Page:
The Impact of Diet, Physical Activity and Weight Perception on Body Mass Index (BMI) In Patients of Indian Origin

Research article

The Impact of Diet, Physical Activity and Weight Perception on Body Mass Index
(BMI) In Patients of Indian Origin

Corresponding authorDr. Sujeet Jha, Institute of Endocrinology, Diabetes & Metabolism, Max Healthcare Inst. Ltd, New Delhi-110017, India
Abstract
A predisposing factor for the rising tide of diabetes mellitus is the increasing prevalence of obesity. The reasons underlying this are multiple. The effects of diet/exercise on weight loss are well documented. However, before any intervention can be successful, there must be a self-perception of weight appropriateness. Limited data on weight perception exists in the developing world. This cross-sectional study in middle-aged adults evaluated the impact of diet, physical activity and self-perception of body weight on the body mass index (BMI) in an Indian cohort. Our study demonstrated an increasing trend in overall energy intake in the overweight/obese groups, with the lowest physical activity score in the obese subset. Almost 50% of individuals in the overweight group perceive their BMI to be within normal parameters, whereas the entire obese population perceived its BMI to be greater than it actually is. This study reinforces that obese Indians have greater caloric/energy intake than their non-obese/ overweight counterparts, and are the least active. More importantly, the group’s perception of BMI has enormous social and cultural implications. Are we as healthcare professionals failing to educate the general public with regards to maintaining a healthy lifestyle and keeping one’s weight in check? Or, are we as a society creating a sense of low self-esteem and poor body image in those who are obese, thereby causing them to feel worse than they actually are and prompting depression, overeating and a host of other unhealthy behaviours? Further studies are needed to elucidate this.
Keywords: Diet; Physical activity; Weight perception; BMI

Introduction

A predisposing factor for the increasing tide of diabetes mellitus (DM), is the is the increasing global prevalence of obesity [1]. Alarmingly, over 66 million Indians are already documented to have DM, with this number steadily on the rise [1]. The body-mass index (BMI) measurement is a validated and well utilized tool for determining whether individuals are normal in terms of weight, overweight or obese [2]. Using this formula, alarmingly in 2010, 14% of women and 10% of men worldwide were estimated to be obese (BMI ≥30kg/m2). This is a stark increase from 1980, when only 8% of women and 5% of men were thought to be in this category [3]. This concomitant rise in weight has prompted the World Health Organization (WHO) Member States to formulate a Global Action Plan that emphasizes the need to halt the rise in obesity and diabetes [1].

The reasons underlying the development of obesity are multiple and complex. The effects of diet and exercise on weight loss are well documented [4]. However, before any intervention can be successful, there must be a self-perception of weight appropriateness [5]. Weight perception is an established motivating factor behind weight control behaviors such as diet and exercise [6]. In reality, there seems to be a mismatch between actual weight and perceived weight across all ethnicities. For example, data from the National Health and Nutrition Examination Survey (NHANES) indicates that approximately 30% of children/adolescents in the United States of America, between the ages of 8-15 years, misperceive their weight status. Subgroup analysis indicates that this disparity is higher amongst Mexican-American (34%) and non-Hispanic black (34.4%) children, vis-à-vis their white counterparts (27.7%) [7]. Limited data exists in the developing world. In 2013, a study by Agrawal et al in women in urban India identified that 25% of overweight women and 10% of obese women perceived themselves as having normal weight [6].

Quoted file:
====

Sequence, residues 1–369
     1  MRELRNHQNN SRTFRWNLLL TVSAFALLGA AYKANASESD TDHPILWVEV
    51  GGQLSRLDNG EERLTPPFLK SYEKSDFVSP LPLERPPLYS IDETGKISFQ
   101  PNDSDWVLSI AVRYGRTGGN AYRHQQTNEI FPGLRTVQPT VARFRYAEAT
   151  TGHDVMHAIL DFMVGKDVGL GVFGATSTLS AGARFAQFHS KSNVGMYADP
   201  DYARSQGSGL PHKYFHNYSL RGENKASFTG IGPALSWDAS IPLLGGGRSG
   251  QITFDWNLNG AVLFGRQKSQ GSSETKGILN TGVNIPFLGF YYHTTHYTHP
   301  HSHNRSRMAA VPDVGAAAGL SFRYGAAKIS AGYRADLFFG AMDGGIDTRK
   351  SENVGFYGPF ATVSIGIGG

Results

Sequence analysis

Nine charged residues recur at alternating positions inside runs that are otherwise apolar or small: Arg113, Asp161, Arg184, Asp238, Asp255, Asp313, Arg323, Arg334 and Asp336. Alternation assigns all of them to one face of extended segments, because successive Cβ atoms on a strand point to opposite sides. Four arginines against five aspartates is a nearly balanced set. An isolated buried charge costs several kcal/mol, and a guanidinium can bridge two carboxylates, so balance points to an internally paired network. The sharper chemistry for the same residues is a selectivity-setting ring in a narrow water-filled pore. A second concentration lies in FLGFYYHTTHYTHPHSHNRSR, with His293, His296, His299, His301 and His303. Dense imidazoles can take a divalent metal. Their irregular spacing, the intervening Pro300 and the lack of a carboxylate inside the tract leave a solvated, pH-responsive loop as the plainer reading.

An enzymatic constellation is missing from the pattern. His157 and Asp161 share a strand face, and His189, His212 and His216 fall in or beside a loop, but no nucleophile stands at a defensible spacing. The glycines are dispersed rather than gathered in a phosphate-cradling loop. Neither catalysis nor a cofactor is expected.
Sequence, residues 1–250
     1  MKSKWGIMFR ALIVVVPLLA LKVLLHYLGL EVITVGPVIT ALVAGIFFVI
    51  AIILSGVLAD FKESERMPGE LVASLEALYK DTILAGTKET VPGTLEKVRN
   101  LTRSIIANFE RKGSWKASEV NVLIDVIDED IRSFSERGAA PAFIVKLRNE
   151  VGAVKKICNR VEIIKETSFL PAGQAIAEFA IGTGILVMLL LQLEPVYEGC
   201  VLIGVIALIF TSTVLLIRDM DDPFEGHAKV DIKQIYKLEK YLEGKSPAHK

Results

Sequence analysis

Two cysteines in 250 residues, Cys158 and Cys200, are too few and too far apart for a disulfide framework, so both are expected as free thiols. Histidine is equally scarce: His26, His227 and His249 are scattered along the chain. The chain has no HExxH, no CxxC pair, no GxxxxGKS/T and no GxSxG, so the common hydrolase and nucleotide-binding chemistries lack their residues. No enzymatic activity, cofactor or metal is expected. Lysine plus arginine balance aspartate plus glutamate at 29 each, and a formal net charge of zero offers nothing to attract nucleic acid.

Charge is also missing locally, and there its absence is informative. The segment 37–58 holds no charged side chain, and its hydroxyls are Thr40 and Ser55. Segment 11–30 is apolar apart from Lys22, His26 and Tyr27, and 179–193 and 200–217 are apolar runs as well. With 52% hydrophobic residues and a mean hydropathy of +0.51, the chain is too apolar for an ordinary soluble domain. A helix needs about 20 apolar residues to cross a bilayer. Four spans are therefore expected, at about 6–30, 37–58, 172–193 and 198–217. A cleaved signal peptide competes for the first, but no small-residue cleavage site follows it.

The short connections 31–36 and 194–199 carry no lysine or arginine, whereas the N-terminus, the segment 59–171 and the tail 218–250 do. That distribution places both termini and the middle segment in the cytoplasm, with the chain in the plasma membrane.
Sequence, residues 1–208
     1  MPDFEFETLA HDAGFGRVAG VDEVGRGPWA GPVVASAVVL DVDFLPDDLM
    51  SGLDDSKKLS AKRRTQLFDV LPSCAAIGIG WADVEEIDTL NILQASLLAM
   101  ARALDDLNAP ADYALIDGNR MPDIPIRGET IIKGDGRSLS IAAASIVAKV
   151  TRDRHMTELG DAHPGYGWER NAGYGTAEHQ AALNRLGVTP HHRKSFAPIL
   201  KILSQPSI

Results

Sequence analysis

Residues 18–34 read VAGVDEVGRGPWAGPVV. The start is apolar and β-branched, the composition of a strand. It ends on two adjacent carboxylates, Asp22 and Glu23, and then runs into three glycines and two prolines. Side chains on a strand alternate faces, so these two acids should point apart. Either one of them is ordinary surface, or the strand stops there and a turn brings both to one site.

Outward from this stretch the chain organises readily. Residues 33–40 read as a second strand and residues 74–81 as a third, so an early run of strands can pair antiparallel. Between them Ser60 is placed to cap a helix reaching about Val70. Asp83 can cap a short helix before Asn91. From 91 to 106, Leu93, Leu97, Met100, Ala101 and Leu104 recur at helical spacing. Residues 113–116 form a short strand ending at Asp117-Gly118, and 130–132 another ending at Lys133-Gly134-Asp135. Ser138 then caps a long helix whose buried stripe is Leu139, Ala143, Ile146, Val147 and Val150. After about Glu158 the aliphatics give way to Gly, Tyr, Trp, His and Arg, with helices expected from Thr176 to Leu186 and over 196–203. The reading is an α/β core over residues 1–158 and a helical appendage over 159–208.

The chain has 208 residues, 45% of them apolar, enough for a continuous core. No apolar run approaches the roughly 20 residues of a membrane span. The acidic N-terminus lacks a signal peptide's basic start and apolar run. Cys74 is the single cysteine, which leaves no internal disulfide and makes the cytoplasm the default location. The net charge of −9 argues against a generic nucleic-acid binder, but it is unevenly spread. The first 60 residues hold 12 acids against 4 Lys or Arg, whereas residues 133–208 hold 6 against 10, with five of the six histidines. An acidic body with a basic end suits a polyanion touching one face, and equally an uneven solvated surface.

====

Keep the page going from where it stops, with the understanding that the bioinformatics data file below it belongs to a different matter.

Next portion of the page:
Understanding the factors that positively or negatively impact BMI are vital in the fight against obesity. This is certainly crucial in the Indian context, as Asians have been found to have a higher risk of developing co-morbid conditions like diabetes at a lower BMI, as opposed to their Caucasian counterparts. Variables such as diet, physical activity, smoking, alcohol use and underlying genetics all contribute to this [8]. The Indian Diabetes Prevention Program is proof of the fact that simple interventions like lifestyle modification (LSM) can decrease the progression to type 2 DM, in those with impaired glucose tolerance [9].

The aim of this cross-sectional study in middle-aged adults was to understand the impact of diet, physical activity and self-perception of body weight on BMI in an Indian context.

Methods

This study was conducted at the Preventive Health Program (PHP) of the Max Super Specialty Hospital, Saket, New Delhi. The primary outcome was to assess the impact diet and physical activity on BMI. The secondary outcome was to assess link between self-perception of body weight and BMI. We included all males and females between 40-60 years with a BMI >18kg/ m2 and excluded all known patients with T2DM and those unwilling to participate. The study received approval from both the Scientific and Ethics committee of Max Hospital and was carried out from March 2015 to May 2015.

150 individuals met the inclusion and exclusion criteria. Out of these, biochemical data for 5 was not available as was the physical examination for 2 individuals. Subsequently, 143 individuals were enrolled and gave informed consent. Subjects were given a paper based case report form (CRF), a physical activity questionnaire (Rapid Assessment of Physical Activity [RAPA] [10]) and 24 hour diet recall sheet. The RAPA questionnaire classified activity levels as Active, Under Active or Sedentary. The 24-hour recall sheet recorded data on all food items the individuals consumed on two individual weekdays and one weekend day prior to enrollment/PHP visit. The total amount of energy was calculated and its average was compared with the recommended dietary allowance (RDA). The dietician collecting all details remained blinded to the subject’s medical history, in order to alleviate bias.